Institutional members access full text with Ovid®

Share this article on:

Failure to Rescue Measure: Validation of Community- and Hospital-Acquired Complications

Talsma, AkkeNeel PhD, RN; Jones, Katherine PhD, RN; Liu, Guipeng MS; Campbell, Darrell A. MD

Journal of Nursing Administration: October 2010 - Volume 40 - Issue 10 - p 417-423
doi: 10.1097/NNA.0b013e3181f2eb5b
Articles

The inclusion of the failure to rescue (FTR) measure as one of the Centers for Medicare and Medicaid Services Inpatient Prospective Payment System measures has raised questions about the characteristics of FTR cases and their outcomes. In this study, we validated 75% of the identified FTR complications using medical record review (n = 461). Nearly half (49.5%) of the complications originated in the community and were present on admission. Acute renal failure, gastrointestinal hemorrhage, and sepsis most often originated in the community. Cardiac arrest/shock, pneumonia, and pulmonary embolism and deep vein thrombosis most often developed in the hospitals. These findings have important implications for practice as clinical leadership focuses on the prevention and aggressive management of complications to prevent death, increased length of stay, and possible reductions in Medicare diagnosis related groups' reimbursements.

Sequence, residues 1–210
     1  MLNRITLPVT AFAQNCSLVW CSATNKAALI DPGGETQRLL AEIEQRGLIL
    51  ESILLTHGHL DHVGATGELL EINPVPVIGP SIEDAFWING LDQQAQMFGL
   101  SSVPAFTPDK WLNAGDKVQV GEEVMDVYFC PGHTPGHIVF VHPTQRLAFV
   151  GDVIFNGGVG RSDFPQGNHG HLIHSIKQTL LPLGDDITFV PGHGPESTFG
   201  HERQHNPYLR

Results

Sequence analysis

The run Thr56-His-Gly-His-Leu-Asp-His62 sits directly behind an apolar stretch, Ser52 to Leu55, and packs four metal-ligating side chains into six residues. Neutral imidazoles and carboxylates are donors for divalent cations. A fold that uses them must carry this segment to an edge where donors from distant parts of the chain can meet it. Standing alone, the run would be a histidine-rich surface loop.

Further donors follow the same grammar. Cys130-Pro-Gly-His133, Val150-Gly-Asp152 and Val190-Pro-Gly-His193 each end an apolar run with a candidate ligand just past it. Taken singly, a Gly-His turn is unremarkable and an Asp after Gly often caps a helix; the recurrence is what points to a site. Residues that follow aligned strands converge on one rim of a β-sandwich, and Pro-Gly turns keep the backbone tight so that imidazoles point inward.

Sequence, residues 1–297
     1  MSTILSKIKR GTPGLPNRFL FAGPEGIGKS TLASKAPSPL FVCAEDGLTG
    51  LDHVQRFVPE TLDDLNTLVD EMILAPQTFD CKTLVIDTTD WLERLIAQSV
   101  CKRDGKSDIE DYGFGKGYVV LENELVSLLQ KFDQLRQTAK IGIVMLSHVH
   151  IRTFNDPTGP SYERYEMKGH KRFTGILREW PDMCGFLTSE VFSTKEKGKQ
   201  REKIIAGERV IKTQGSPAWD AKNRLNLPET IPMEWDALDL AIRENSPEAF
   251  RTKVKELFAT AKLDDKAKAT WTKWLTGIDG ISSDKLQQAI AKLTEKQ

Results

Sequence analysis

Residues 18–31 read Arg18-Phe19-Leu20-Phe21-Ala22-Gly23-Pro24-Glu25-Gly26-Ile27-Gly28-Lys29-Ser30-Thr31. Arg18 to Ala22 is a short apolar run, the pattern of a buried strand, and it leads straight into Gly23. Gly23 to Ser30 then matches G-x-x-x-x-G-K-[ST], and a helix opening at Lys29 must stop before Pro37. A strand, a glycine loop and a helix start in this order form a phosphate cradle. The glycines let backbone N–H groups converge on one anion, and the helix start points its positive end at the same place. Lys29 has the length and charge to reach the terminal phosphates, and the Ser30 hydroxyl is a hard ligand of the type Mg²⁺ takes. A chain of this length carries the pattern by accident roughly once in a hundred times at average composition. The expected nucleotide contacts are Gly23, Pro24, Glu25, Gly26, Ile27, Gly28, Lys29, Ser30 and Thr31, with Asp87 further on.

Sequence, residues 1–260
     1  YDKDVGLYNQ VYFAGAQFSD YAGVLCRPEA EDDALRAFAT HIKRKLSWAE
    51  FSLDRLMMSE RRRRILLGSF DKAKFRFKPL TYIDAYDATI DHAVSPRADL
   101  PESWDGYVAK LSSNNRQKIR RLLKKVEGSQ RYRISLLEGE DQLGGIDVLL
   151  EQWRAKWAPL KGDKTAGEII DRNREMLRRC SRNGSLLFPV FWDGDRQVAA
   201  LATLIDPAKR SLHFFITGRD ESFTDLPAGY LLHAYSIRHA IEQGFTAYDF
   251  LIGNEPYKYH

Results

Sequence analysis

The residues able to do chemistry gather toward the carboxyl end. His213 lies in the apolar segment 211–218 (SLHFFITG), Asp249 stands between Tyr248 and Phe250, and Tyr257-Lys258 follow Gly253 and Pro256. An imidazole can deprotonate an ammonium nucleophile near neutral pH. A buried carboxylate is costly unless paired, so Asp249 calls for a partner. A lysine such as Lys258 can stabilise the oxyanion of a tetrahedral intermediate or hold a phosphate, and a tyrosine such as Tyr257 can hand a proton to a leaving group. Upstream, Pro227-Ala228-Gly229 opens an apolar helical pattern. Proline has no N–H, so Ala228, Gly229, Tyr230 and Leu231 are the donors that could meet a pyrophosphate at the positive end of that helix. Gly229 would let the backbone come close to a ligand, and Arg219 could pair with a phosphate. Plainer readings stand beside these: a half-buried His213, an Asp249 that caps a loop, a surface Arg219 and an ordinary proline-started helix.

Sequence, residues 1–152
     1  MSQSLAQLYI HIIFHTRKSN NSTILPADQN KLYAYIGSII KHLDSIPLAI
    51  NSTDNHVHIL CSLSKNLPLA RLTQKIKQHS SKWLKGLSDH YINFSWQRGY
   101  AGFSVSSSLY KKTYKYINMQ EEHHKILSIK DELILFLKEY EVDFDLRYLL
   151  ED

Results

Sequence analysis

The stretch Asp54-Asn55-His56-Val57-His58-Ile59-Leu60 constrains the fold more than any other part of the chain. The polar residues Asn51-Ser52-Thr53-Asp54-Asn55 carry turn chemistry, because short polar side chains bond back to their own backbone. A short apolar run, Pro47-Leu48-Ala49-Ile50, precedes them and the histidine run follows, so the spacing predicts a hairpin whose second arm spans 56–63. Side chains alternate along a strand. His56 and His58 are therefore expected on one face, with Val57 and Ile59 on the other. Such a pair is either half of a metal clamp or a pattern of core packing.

Authors' Affiliations: Assistant Professor of Nursing (Dr Talsma), Professor of Surgery, School of Medicine (Dr Campbell), University of Michigan, Ann Arbor; Professor of Nursing (Dr Jones), Case Western Reserve University, Cleveland, Ohio; Statistician (Ms Liu), University of Michigan Health System, Ann Arbor.

Corresponding author: Dr Talsma, University of Michigan, 400 N Ingalls, Ann Arbor, MI 48109 (antalsma@umich.edu).

Funding: This study was supported by the BlueCross BlueShield of Michigan Foundation and Midwest Nursing Research Society Mentorship Program. The larger Failure to Rescue Study, from which the sample used was drawn, was funded by the University of Michigan Office of the Vice President for Research and the University of Michigan School of Nursing Grants and Research Office. Institutional review board approval was obtained from the University of Michigan Medical Review Board (HUM 0007000).

Supplemental digital content is available for this article. Direct URL citations appear in the printed text and are provided in the HTML and PDF versions of this article on the journal's Web site (www.jonajournal.com).

© 2010 Lippincott Williams & Wilkins, Inc.